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GenderSexuality and Gender

The favouritism of male streamers: Why are women left in the dust?

Twitch is a streaming website and app established in 2011, and bought by Amazon in 2014. The application is highly successful, with an average of 15 million people tuning in each day to watch livestreams on their website. In recent years, this success has only grown larger. The amount of average viewers in February 2021 was more than double when compared to January 2019. This is beneficial to Twitch and Amazon, but maybe even more beneficial to the actual streamers on the site.

Skyrocketing success

It could be said that content creators have ruled the pandemic. And this isn’t even an exaggeration. So many online streamers and youtubers have broken records and gained the attention of millions over the past year and a half. With some reaching peak viewerships of over 200,000 people, and others gaining over 40,000 subscribers in a single stream.

So with numbers like these, you’d expect the platform to have produced many successful female streamers. But in comparison to the men on the app, this is simply not the truth. Channels ran by men top the leaderboards when it comes to viewership, subscribers, and followers.

Gender imbalance

Why do men get more viewers and followers than any other gender on Twitch? Well, a study into the statistics of Twitch as a platform found that 65% of its users are male. So theoretically, if audiences are only watching the gender they identify with, then of course male streamers would be more popular. However, the actual statistics of the sites most popular channels are disproportionate when compared to this.

The top 50 most followed channels on the site are made up of only 2 women, Pokimane and Amouranth. And when it comes to viewership, Amouranth is the only female creator in the top 50 most viewed channels*. Women are simply not succeeding as much as men on Twitch. But why?

Gaming stereotypes

It may be due to societal stereotypes. Twitch is mainly used to stream video games. Most games have historically been marketed towards boys. And terms such as ‘gamer girl’ alienate women who enjoy these things. Girls are often questioned on if they play these games for themselves, or for male attention. This may mean that less women want to sign up to twitch, through fear of being judged. Also, the predominantly male audience may believe this stereotype, meaning they won’t watch female streamers.

Harassment and sexualisation

It may also be due to the stigma that comes with being a woman on a streaming service. The sexualisation and harassment of female streamers continues to be a persistent issues.

When streamers such as Pokimane prefer not to make sexual content, viewers criticise her. However, when streamers such as Amouranth embrace their sexuality and create more explicit content, they’re harassed for it.

It seems like a losing game for women on Twitch, as no matter what they do, they’ll receive significantly more hate than men.

Streamer LuLuLuvely and many other women on Twitch have also spoken out about objectification on the platform. The Apex streamer recently tweeted about the support she lost after viewers found out she was in a relationship. Fellow female creators such as Pokimane and Kruzadar responded in support, alongside many others sharing their stories.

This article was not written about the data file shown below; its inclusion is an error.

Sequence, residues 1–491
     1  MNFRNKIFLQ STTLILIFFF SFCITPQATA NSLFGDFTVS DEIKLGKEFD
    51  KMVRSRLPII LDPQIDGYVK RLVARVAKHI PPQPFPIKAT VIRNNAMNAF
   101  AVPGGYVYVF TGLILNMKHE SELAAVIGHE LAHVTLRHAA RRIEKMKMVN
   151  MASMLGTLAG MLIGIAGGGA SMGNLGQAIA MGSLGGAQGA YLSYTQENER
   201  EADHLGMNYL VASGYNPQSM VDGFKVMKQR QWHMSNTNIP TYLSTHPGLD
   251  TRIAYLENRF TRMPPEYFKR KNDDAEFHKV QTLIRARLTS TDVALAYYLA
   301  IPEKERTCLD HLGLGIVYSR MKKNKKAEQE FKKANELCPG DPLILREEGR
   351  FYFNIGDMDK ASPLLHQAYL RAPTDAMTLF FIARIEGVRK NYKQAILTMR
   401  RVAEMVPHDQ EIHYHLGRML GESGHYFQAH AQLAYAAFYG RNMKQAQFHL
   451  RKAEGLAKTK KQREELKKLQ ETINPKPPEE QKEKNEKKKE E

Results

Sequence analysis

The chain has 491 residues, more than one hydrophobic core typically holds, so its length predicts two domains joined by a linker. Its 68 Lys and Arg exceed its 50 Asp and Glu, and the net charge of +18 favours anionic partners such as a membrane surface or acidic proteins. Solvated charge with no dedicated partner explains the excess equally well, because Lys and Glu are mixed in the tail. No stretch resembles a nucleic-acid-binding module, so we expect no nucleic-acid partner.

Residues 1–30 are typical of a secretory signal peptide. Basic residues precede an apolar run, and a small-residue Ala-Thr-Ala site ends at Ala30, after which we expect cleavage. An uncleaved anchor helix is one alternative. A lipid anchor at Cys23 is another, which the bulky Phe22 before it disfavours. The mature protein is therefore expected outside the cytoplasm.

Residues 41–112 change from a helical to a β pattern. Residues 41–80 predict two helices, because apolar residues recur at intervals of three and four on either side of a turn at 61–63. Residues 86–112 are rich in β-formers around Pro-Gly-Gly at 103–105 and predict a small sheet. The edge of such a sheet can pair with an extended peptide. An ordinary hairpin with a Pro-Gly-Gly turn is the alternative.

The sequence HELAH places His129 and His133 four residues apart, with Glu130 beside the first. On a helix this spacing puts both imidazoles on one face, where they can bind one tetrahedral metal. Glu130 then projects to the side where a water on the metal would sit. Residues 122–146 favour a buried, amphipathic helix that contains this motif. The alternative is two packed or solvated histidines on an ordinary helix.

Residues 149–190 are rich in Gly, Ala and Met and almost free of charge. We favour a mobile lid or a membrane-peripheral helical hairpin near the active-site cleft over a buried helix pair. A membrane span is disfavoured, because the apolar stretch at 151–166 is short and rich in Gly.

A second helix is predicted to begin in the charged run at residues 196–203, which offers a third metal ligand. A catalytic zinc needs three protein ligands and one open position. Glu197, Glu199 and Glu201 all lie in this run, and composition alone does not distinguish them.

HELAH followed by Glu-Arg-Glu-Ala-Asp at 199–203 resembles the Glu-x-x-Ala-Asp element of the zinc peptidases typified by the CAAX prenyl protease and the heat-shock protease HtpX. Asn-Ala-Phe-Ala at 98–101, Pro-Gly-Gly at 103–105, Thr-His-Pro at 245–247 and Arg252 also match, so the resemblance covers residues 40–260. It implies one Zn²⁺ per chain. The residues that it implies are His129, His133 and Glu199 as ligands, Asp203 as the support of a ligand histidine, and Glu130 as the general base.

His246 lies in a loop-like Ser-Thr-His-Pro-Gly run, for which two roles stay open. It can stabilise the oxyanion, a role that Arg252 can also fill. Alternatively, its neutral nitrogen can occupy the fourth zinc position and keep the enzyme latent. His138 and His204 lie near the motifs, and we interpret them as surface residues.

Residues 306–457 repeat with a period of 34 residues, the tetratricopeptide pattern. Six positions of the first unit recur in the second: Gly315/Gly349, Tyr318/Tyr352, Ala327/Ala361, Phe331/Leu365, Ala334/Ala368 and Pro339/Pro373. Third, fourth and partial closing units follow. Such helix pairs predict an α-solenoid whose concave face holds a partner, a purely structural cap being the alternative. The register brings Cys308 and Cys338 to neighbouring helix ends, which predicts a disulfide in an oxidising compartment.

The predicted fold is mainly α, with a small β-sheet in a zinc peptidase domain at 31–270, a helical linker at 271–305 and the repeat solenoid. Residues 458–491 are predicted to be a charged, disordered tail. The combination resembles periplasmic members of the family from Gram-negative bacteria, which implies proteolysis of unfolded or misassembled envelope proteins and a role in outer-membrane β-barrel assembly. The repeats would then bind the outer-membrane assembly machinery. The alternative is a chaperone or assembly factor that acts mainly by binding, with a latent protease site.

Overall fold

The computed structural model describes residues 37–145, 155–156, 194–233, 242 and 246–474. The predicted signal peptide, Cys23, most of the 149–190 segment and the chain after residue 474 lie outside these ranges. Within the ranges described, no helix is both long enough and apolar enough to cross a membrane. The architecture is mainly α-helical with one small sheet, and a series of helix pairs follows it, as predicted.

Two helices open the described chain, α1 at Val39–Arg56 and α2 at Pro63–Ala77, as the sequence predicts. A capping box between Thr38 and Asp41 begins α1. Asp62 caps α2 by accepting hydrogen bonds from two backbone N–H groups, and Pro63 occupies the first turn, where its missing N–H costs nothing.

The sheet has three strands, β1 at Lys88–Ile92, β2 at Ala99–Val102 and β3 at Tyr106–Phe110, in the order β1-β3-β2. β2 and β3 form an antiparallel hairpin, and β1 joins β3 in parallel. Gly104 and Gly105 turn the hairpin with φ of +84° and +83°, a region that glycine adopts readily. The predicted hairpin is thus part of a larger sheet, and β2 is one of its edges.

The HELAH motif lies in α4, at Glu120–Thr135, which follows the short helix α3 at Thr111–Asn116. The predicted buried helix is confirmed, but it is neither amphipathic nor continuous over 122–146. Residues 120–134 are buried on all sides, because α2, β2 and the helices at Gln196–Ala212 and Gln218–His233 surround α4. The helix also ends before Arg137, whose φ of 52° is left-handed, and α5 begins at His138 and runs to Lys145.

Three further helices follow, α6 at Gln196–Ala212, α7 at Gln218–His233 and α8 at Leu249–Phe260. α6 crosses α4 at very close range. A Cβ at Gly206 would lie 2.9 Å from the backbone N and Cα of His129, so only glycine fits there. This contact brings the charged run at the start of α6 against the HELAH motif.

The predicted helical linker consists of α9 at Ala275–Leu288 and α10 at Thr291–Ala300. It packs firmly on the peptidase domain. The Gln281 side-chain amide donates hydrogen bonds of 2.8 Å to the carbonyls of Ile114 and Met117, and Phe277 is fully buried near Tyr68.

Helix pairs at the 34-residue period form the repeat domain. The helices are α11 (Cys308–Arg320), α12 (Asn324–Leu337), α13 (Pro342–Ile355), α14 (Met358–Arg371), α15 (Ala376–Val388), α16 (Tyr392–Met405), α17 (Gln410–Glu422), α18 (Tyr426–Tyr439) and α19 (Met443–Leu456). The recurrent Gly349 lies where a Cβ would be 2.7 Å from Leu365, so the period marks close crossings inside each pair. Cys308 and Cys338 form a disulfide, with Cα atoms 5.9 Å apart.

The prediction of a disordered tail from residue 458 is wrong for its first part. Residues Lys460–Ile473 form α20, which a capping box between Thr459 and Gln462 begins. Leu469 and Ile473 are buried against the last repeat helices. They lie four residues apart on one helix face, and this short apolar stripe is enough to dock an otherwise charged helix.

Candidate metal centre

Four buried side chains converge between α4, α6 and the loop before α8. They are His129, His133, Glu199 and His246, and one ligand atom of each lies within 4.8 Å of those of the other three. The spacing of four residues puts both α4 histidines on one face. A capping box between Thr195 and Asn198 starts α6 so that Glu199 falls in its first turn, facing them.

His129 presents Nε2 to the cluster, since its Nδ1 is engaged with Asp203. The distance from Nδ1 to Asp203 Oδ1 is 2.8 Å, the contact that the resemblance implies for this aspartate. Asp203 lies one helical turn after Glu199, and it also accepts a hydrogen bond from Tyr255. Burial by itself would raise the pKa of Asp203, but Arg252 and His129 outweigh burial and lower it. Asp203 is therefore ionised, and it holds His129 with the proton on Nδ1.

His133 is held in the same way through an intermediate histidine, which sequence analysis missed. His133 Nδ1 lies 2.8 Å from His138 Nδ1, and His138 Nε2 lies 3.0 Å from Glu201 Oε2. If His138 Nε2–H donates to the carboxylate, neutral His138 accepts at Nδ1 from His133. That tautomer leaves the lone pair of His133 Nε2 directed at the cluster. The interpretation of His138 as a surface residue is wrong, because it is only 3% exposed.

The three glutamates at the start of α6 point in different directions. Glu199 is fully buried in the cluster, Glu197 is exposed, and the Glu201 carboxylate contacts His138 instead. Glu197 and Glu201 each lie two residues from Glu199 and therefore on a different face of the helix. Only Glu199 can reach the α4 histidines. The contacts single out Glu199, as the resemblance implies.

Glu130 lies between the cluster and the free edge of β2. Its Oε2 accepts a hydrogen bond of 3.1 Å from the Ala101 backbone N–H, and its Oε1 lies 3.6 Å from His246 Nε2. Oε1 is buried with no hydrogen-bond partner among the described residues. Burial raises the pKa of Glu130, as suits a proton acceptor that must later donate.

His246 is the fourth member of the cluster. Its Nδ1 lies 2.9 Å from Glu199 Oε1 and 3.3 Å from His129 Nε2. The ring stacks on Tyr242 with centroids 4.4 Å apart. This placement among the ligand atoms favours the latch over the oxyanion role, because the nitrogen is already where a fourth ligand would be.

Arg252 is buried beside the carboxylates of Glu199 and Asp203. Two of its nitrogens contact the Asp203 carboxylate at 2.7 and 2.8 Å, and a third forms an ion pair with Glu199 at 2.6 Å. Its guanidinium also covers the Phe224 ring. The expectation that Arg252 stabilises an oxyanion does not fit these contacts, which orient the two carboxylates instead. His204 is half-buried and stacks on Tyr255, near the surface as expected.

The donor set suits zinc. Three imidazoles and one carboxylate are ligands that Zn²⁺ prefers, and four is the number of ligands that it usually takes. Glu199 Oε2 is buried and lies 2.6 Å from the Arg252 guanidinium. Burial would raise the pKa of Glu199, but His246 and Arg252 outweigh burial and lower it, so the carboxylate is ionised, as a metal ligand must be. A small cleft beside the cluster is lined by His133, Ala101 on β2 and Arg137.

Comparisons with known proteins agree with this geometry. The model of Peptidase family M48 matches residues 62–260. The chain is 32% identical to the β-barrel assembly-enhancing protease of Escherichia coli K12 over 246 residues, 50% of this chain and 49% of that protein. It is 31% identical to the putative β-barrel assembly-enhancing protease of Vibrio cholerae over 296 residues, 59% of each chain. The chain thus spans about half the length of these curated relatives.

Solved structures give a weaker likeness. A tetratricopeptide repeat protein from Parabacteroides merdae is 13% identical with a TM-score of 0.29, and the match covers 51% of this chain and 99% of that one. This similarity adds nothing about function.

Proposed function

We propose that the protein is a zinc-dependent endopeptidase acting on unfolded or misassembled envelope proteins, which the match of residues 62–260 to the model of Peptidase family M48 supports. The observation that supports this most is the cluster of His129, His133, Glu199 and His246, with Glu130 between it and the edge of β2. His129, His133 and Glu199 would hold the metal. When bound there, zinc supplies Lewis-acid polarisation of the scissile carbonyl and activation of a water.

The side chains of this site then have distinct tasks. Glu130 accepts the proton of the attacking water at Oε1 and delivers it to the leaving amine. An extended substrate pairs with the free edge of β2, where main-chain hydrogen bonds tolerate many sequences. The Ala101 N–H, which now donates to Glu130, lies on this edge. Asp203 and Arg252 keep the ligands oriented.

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This further shows that women are only valued in media when they can be seen as sexual or dateable. It seems these content creators will only have the success their male counterparts do if they’re desirable to a male audience. This is a narrative that desperately needs to change.

The problem with Twitch

So how is twitch combating this problem? Well, they’re certainly trying, with banned words including derogatory terms towards women. However, these are not being enforced with a lot of strictness, and Twitch itself is not promoting respect towards their female creators.

The site received backlash in December last year when a new policy against discrimination and harassment was out in place. The policy banned streamers from saying certain words. On the surface, this seems like a great thing, however, it focused on male centric insults, such as ‘incel’ and ‘simp’.

This was criticised by many, as it was being punished a lot worse than insults against women. Some female streamers, such as Justaminx, were actually on probation from streaming after saying the words. To many this felt counterproductive, and posed as a way to further cater to male users on Twitch.

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Conclusion

So how can this change? Well, until Twitch makes actual structural changes to support and protect women, the most you can do is support your favourite female creators.

So feel free to comment your favourite female twitch streamer! And visit the channels of any that are mentioned. To start it off, I’m going to link the channels of some of my favourite female/non binary streamers below!

Nihachu: https://www.twitch.tv/nihachu

BrookeAB: https://www.twitch.tv/brookeab

TinaKitten: https://www.twitch.tv/tinakitten

Snifferish: https://www.twitch.tv/snifferish

VGumiHo: https://www.twitch.tv/vgumiho

*Statistics reflecting August 2021 only

NME.com: { https://www.nme.com/news/gaming-news/twitch-to-ban-words-like-simp-and-virgin-as-insults-2840798 }

Dextero.com: { https://www.dexerto.com/entertainment/lululuvely-pokimane-blast-viewers-who-shame-twitch-streamers-relationships-1618426/ }

Twitchmetrics.net:

{ https://www.twitchmetrics.net/channels/viewership }

Twitchtracker.com: { https://twitchtracker.com/channels/most-followers }

Investopedia.com: { https://www.investopedia.com/investing/how-does-twitch-amazons-video-game-streaming-platform-make-money/#streaming-the-esports-traffic }

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